This is the time of year in the sales profession when companies bring their sellers together for the purpose of education, motivation and a roll out of new products and services.
Sales kickoffs are a big investment of time and money. So is the investment worth it?
My answer is a resounding Yes!
As a former vice president of sales, I quickly realized that accounting systems don’t capture the true ROI from a sales meeting. Accounting systems are good at capturing expenses incurred from conducting a sales kick-off: food, lodging, speakers, entertainment. But these same systems are not good at capturing the revenue resulting from the many intangibles produced from a great sales kick-off. Intangibles such as:
- Team building. Stand in the lobby of a hotel or conference center hosting a sales kickoff and you will observe salespeople giving each other a hug, high five or a handshake. Human beings crave being part of a social network. It’s the way we are wired.
A sales kickoff provides the opportunity for up close and personal conversations. These conversations are much more powerful than email or one more like on Facebook.
- This education comes from workshops and keynotes. It also comes from good old hallway conversations. In the busyness of life, many sellers simply don’t take the time to network with their colleagues and learn what they are doing to acquire and grow business. One idea can help a salesperson better serve clients and make more money.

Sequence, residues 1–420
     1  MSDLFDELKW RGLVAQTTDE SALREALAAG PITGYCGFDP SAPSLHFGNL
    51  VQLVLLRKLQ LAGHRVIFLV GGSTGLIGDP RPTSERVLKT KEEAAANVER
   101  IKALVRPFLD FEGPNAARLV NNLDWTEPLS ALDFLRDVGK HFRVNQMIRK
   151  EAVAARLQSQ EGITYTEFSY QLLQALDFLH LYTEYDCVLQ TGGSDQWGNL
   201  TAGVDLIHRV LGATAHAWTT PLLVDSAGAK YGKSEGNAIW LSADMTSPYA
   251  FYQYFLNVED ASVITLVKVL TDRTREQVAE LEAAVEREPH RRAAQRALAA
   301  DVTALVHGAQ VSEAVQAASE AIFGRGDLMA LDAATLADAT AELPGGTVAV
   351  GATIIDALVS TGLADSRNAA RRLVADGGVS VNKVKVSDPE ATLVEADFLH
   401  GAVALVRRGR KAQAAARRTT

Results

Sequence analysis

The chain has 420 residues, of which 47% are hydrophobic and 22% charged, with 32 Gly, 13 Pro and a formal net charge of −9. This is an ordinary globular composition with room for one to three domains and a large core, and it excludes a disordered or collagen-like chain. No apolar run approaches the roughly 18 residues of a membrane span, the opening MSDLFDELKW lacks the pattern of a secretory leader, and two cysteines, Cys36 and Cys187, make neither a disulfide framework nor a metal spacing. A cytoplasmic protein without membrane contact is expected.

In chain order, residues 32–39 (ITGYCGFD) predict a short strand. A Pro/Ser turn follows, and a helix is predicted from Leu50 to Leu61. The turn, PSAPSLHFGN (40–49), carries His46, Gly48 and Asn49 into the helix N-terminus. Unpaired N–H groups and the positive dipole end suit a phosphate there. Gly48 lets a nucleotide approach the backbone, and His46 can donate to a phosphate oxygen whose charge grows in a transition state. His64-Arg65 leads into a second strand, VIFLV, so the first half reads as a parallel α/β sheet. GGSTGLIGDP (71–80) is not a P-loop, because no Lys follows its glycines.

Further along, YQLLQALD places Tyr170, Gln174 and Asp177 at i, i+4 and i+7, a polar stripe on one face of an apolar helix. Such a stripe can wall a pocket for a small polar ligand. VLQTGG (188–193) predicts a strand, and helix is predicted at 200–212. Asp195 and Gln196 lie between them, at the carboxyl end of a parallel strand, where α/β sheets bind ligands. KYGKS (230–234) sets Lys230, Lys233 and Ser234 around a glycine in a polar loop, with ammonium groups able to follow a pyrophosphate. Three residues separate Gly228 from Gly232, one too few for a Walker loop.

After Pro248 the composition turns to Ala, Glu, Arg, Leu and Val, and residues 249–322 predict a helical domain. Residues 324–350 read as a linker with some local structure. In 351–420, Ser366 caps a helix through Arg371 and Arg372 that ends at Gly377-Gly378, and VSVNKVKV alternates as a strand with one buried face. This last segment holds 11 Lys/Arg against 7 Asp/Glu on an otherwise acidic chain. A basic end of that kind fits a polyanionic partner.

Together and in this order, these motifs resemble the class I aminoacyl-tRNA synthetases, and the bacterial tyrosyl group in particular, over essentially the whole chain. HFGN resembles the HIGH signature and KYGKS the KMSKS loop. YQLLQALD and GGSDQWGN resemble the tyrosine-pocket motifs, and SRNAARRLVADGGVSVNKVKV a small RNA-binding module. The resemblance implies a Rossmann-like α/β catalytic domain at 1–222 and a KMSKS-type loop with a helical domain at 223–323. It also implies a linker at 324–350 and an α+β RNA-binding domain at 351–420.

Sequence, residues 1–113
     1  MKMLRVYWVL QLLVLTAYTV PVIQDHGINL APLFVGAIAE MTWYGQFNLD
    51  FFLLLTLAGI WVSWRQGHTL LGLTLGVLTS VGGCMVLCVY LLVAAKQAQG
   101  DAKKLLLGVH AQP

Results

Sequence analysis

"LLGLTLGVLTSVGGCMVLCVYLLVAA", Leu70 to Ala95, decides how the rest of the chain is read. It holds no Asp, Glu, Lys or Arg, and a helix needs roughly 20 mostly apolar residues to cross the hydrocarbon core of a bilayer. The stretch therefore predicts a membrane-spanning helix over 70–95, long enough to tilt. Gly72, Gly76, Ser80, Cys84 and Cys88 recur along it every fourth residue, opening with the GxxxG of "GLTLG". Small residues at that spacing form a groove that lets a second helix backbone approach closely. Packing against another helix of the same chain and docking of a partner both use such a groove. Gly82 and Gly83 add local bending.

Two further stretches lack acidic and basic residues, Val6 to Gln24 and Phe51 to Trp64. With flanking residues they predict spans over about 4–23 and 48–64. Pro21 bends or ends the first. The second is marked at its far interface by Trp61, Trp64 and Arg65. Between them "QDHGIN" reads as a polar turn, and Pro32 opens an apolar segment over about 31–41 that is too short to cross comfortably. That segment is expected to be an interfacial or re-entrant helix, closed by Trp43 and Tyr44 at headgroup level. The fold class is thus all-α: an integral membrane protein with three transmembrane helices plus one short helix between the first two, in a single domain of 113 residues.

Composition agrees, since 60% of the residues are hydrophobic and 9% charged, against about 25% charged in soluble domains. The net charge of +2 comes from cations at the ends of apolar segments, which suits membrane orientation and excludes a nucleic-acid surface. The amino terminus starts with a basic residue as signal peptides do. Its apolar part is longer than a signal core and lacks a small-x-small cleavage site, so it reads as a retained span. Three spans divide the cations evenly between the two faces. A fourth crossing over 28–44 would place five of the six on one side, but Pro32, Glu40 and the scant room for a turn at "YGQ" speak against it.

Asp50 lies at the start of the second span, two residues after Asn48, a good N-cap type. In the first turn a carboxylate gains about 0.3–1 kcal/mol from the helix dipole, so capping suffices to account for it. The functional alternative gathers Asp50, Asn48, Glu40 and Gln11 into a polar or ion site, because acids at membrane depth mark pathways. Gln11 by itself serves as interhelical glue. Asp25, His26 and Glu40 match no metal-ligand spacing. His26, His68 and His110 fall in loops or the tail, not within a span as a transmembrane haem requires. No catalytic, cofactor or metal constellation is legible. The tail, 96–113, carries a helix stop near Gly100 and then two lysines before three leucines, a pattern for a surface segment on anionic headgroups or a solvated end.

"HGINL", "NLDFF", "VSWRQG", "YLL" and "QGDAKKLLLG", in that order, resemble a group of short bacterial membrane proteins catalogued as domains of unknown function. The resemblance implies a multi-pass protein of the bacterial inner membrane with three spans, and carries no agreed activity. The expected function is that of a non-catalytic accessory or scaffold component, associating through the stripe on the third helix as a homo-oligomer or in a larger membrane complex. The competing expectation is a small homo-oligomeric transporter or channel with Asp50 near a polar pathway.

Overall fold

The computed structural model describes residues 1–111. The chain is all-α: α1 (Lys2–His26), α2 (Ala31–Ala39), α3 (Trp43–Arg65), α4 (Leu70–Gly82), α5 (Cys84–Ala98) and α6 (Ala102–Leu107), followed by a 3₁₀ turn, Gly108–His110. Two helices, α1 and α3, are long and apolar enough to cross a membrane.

- This might sound trivial in the big picture of competing and remaining relevant -- until you see and hear the stories from salespeople who participated in the theme party that had a great band. “Oh, my gosh. That was fun!” Again, in the busyness of work, many salespeople, sales managers and senior executives simply don’t take the time to play with one another.
Anyone reading this blog still wish we had adult recess? I rest my case.
Now, if you need to do the math to justify the meeting, here are some numbers to consider. Let’s suppose you have 100 salespeople and each has a $1 million sales goal. After your sales kickoff, each seller gained something to make them more effective, let’s say 5% more effective. A 5% improvement on these numbers is a $5 million increase of the top line. I think that math works.
Sales kickoffs, conducted the right way, will make your sales organization money.